A computer model is presented for predicting downhole wellbore temperatures in flowing or shut-in fluid streams, in casing and cement, and in formations. Flowing options include injection/production, forward/reverse circulation, and drilling. Model predictions agree with field temperature data. The influences of temperature, flow rate, and depth on downhole temperatures are presented.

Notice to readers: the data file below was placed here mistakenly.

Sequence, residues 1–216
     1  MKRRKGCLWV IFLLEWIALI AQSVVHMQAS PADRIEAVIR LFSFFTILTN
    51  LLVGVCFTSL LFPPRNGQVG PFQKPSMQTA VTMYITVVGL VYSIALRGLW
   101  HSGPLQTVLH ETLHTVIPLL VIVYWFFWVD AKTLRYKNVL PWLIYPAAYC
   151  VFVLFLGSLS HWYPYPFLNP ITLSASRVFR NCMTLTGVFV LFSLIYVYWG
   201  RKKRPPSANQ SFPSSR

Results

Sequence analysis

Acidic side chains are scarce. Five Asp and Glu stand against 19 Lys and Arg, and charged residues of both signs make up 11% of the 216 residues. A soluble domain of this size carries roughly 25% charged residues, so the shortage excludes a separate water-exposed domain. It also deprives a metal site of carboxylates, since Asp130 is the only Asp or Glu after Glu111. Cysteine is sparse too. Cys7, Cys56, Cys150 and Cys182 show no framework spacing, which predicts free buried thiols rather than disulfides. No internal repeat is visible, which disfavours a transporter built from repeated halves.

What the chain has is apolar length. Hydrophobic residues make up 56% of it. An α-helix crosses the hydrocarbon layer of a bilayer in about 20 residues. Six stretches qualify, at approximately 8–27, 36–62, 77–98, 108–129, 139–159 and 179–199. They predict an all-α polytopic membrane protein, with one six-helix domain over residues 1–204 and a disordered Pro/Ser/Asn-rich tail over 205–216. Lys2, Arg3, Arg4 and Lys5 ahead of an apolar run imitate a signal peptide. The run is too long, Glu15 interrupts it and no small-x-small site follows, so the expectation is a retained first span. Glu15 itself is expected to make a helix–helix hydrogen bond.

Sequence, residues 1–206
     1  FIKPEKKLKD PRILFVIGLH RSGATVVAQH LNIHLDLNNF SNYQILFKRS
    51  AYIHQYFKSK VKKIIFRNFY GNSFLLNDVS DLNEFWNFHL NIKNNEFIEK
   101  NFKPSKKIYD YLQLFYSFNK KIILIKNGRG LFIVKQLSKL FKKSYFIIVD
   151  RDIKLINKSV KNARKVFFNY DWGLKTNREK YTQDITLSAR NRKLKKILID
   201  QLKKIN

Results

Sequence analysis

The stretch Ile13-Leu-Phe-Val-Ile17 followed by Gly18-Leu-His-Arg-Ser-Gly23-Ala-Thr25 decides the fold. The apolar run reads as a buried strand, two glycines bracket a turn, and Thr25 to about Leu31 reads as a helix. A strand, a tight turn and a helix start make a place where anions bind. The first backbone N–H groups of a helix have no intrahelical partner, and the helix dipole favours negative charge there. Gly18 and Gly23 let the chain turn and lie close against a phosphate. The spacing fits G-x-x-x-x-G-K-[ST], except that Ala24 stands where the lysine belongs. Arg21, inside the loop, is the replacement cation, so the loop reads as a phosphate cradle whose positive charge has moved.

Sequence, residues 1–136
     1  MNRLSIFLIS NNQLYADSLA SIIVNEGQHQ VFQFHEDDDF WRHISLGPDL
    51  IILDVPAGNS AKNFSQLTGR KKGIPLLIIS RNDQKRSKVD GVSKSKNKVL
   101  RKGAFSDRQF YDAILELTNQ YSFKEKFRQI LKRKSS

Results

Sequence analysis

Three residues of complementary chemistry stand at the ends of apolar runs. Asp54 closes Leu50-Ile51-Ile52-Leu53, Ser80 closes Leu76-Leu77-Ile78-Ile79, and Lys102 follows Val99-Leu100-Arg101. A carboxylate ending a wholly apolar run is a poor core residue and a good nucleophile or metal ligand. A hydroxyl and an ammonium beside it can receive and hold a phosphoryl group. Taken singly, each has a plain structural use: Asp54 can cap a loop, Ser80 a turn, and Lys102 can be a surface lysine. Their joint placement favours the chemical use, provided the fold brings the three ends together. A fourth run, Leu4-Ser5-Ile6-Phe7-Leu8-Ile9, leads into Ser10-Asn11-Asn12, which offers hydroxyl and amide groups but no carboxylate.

Temperatures in a well are important for many aspects of drilling, completion, production, and injection. A few applications that require an understanding of the downhole temperature history in a well include (1) cement composition, placement, and setting time, (2) drilling mud and annulus fluid formulation, (3) packer design and selection, (4) logging tool design and log interpretation, (5) wax deposition in production tubing, (6) corrosion in tubing and casings, (7) thermal stresses in casings and tubing, (8) permafrost thaw and refreezing, (9) wellhead and production equipment design, (10) drill bit design, and (11) elastomer and seal selection. Of course, many other applications may exist. Two interesting possibilities are computing undisturbed formation temperatures from flowing stream temperature measurements and anticipating abnormal pressure zones from fluid temperature changes while drilling.Hostile environments present even more challenging needs for downhole temperatures, while making it more difficult to determine what temperatures to expect. Any unusual temperature conditions can make previous temperature experience and intuition unreliable. Abnormal temperature gradients can cause a rapid rise in flowing fluid temperature, and unusually deep wells expose fluids to hotter temperatures for longer times. In arctic environments, cool permafrost zones can cause unexpectedly low temperatures throughout the length of a well, both in and below the permafrost. Conversely, geothermal wells exist in unusually hot regions, resulting in abnormally high temperatures in a well. An understanding of downhole temperatures is needed in hostile environments for the same applications as more conventional wells and perhaps for additional needs, but determining those temperatures is more difficult.Determination of downhole wellbore and earth temperatures is a complex task. Many variables influence temperatures, which are continuously changing with time. Temperature recording devices have been developed, but these provide only isolated data points for a transient quantity and, furthermore, cannot provide sufficient information to establish the relative importance of variables influencing temperatures. Therefore, a means of computing downhole temperatures is needed to determine important design criteria, such as maximum temperature and time for exposure to high temperatures. Many simplified analytical techniques and some correlations of experimental data have been constructed in the past, each with limited success in predicting downhole temperatures. Experience has demonstrated that a computer model is needed to account for complexities of heat transfer in a well.


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